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Rick Santorum: Newt Gingrich's Past Infidelity 'Not An Issue' With Respect To Positions He Takes

Rick Santorum Newt Gingrich

First Posted: 03/11/11 11:06 PM ET Updated: 05/25/11 07:40 PM ET

Former U.S. Senator Rick Santorum addressed the admitted infidelity of potential presidential rival former House Speaker Newt Gingrich in an interview with the National Review published online on Friday.

Santorum suggested that while he believes Gingrich will have to "account for [his] past decisions," the indiscretions are "not an issue" with regard to where he stands on matters of policy.

"There is a difference between legitimate issues of character -- someone's behavior -- and the issue of whether someone who has done something wrong in their life, now because of those mistakes, can't talk about what is the right thing to do," he explained in the interview. According to the potential White House contender, it's not "hypocritical" for politicians who have had messy experiences in their personal lives to communicate values-based messages.

After noting that everyone makes mistakes, Santorum offered an anecdote from his own life to convey his point. "I smoked pot when I was in college," he reasoned. "Does that mean that I can't talk about drug use? Does that mean that I can't talk about how that's a bad thing? Of course not."

He added that because he knew his behavior was wrong at the time and still looks back on it through the same lens, he doesn't believe it should be considered hypocritical. According to Santorum, one can learn from such experiences. "...just because I failed, that does not mean that I shouldn't be able to talk about it," he said.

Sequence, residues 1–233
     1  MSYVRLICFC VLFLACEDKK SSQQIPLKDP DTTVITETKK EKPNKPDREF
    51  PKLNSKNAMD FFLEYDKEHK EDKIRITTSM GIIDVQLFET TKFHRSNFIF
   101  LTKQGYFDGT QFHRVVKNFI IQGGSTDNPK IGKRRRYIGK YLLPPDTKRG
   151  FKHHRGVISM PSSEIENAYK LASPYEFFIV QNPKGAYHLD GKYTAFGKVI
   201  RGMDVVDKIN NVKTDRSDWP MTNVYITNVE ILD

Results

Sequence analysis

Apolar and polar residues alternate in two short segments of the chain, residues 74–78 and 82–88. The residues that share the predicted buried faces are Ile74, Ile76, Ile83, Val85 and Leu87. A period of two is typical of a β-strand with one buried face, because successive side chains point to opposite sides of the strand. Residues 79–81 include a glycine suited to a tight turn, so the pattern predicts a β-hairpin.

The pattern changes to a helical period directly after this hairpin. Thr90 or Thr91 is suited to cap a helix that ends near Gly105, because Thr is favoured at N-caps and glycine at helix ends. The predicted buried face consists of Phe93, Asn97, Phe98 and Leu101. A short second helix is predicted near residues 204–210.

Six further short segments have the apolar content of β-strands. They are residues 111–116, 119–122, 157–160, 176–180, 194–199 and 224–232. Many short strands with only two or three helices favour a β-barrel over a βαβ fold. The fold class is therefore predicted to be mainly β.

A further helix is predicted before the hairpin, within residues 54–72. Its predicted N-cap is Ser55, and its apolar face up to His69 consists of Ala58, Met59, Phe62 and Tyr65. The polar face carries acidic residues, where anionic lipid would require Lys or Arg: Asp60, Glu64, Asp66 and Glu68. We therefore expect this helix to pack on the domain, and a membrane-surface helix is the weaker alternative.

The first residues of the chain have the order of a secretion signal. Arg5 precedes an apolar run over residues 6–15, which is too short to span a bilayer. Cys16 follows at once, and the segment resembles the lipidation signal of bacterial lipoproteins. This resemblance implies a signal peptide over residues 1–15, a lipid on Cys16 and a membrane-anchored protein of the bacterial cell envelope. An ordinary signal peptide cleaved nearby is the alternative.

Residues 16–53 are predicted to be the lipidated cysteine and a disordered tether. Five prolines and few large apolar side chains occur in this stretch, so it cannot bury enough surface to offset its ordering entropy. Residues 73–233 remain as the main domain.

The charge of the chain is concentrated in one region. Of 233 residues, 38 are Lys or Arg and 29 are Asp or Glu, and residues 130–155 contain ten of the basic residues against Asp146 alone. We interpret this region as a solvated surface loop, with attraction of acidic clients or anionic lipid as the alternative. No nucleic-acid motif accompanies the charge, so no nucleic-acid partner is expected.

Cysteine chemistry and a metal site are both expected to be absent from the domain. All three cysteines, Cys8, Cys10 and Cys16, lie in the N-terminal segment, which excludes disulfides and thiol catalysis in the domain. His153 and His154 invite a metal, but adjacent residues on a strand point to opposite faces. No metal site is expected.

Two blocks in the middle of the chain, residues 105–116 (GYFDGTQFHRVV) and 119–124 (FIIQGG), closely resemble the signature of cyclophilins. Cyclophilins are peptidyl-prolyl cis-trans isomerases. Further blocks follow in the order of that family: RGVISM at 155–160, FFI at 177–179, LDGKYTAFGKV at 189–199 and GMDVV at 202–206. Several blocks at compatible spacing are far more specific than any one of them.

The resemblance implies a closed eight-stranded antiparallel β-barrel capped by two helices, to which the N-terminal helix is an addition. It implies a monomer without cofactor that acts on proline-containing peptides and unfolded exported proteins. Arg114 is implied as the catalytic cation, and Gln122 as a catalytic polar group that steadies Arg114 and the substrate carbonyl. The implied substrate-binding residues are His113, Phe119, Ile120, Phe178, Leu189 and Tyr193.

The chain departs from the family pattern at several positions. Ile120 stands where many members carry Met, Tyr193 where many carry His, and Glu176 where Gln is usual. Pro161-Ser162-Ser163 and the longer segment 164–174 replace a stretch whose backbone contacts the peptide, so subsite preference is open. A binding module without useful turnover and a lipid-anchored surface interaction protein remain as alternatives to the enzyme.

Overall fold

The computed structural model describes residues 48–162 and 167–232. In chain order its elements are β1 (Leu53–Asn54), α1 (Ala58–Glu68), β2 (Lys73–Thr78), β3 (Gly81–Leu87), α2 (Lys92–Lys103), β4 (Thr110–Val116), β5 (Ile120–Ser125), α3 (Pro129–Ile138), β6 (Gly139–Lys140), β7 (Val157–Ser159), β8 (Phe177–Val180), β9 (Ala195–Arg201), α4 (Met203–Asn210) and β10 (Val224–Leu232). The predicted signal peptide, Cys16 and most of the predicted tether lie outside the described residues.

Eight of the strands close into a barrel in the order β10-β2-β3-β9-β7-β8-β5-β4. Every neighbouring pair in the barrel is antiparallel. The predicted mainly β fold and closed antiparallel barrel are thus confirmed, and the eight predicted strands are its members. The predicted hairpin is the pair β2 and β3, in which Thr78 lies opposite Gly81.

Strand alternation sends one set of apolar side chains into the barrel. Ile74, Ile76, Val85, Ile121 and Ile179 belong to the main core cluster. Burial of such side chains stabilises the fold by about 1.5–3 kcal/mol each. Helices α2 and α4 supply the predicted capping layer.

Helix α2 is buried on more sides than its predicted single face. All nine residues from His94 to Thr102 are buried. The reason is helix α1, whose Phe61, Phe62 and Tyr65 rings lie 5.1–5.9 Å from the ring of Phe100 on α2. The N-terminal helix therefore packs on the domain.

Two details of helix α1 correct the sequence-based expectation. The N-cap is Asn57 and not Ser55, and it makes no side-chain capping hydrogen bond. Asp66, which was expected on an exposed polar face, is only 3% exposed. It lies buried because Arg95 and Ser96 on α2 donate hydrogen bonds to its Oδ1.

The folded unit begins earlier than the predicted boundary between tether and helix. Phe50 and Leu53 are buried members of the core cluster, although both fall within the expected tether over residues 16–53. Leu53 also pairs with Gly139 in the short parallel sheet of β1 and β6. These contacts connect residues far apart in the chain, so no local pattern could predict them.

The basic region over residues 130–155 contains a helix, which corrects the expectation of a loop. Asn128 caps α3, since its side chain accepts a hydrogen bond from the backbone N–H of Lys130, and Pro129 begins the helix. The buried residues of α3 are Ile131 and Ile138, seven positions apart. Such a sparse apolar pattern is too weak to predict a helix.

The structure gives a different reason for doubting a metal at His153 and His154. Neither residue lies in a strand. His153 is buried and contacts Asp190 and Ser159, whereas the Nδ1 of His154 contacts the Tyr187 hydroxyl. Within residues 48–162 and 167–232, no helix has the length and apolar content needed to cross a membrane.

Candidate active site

The twice-divorced Gingrich, who is currently married to his third wife Callista, spoke out about his personal life in an interview with the Christian Broadcasting Network's David Brody earlier this week. The former House Speaker who resigned in disgrace more than a decade ago said that right now he is in "a great marriage" and that over time he's "learned an immense amount."

Here's an excerpt of what Gingrich had to say about his past during the exchange:

There's no question at times of my life, partially driven by how passionately I felt about this country, that I worked far too hard and things happened in my life that were not appropriate. And what I can tell you is that when I did things that were wrong, I wasn't trapped in situation ethics, I was doing things that were wrong, and yet, I was doing them. I found that I felt compelled to seek God's forgiveness. Not God's understanding, but God's forgiveness. I do believe in a forgiving God. And I think most people, deep down in their hearts hope there's a forgiving God.

Last week, Gingrich filed paperwork with the Internal Revenue Service to launch "Newt Explore 2012." While he has yet to submit records to the Federal Election Commission, the formation of the political organization came as only one of numerous recent signs that the big name Republican is testing the waters for a possible presidential campaign in 2012.

Here's a clip of what Gingrich had to say about his past earlier this week:

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Filed by Elyse Siegel  |